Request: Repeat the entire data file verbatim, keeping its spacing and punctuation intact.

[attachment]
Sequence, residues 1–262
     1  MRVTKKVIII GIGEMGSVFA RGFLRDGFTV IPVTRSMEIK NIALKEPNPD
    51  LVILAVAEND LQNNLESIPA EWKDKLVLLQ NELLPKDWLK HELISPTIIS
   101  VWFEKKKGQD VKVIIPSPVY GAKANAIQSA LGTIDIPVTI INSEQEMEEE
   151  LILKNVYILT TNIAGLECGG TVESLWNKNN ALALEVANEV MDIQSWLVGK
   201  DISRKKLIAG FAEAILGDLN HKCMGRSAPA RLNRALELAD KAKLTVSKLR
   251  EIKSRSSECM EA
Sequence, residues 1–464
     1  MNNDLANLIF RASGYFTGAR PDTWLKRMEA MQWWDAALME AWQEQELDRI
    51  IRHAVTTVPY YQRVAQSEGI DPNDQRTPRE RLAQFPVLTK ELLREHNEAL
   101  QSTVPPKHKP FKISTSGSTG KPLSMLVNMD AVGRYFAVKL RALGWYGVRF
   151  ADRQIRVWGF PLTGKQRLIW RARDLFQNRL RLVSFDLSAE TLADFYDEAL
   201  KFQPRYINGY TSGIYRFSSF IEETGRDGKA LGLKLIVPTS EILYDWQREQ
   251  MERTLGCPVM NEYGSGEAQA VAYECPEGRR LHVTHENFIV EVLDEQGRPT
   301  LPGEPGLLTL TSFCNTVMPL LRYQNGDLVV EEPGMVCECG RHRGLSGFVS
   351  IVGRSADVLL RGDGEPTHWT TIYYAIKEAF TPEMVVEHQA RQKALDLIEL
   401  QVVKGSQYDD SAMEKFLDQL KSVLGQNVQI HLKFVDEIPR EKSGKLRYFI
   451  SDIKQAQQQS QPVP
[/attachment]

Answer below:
Sequence, residues 1–262
     1  MRVTKKVIII GIGEMGSVFA RGFLRDGFTV IPVTRSMEIK NIALKEPNPD
    51  LVILAVAEND LQNNLESIPA EWKDKLVLLQ NELLPKDWLK HELISPTIIS
   101  VWFEKKKGQD VKVIIPSPVY GAKANAIQSA LGTIDIPVTI INSEQEMEEE
   151  LILKNVYILT TNIAGLECGG TVESLWNKNN ALALEVANEV MDIQSWLVGK
   201  DISRKKLIAG FAEAILGDLN HKCMGRSAPA RLNRALELAD KAKLTVSKLR
   251  EIKSRSSECM EA
Sequence, residues 1–464
     1  MNNDLANLIF RASGYFTGAR PDTWLKRMEA MQWWDAALME AWQEQELDRI
    51  IRHAVTTVPY YQRVAQSEGI DPNDQRTPRE RLAQFPVLTK ELLREHNEAL
   101  QSTVPPKHKP FKISTSGSTG KPLSMLVNMD AVGRYFAVKL RALGWYGVRF
   151  ADRQIRVWGF PLTGKQRLIW RARDLFQNRL RLVSFDLSAE TLADFYDEAL
   201  KFQPRYINGY TSGIYRFSSF IEETGRDGKA LGLKLIVPTS EILYDWQREQ
   251  MERTLGCPVM NEYGSGEAQA VAYECPEGRR LHVTHENFIV EVLDEQGRPT
   301  LPGEPGLLTL TSFCNTVMPL LRYQNGDLVV EEPGMVCECG RHRGLSGFVS
   351  IVGRSADVLL RGDGEPTHWT TIYYAIKEAF TPEMVVEHQA RQKALDLIEL
   401  QVVKGSQYDD SAMEKFLDQL KSVLGQNVQI HLKFVDEIPR EKSGKLRYFI
   451  SDIKQAQQQS QPVP